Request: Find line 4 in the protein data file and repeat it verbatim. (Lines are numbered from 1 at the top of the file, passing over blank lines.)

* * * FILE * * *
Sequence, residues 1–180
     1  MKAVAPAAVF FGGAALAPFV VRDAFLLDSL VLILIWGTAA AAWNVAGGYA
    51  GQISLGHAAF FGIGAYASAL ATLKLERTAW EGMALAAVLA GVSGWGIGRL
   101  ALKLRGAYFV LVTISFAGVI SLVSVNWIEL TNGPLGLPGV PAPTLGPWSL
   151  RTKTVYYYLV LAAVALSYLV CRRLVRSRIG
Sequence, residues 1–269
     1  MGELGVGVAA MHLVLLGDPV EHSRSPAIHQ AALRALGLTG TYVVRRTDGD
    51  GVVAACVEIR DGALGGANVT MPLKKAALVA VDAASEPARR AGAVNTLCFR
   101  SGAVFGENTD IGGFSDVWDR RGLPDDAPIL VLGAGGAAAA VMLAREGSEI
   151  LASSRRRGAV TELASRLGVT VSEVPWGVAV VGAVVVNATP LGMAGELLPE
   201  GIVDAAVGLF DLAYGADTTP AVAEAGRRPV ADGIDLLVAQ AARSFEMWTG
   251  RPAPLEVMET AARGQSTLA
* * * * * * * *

   101  ALKLRGAYFV LVTISFAGVI SLVSVNWIEL TNGPLGLPGV PAPTLGPWSL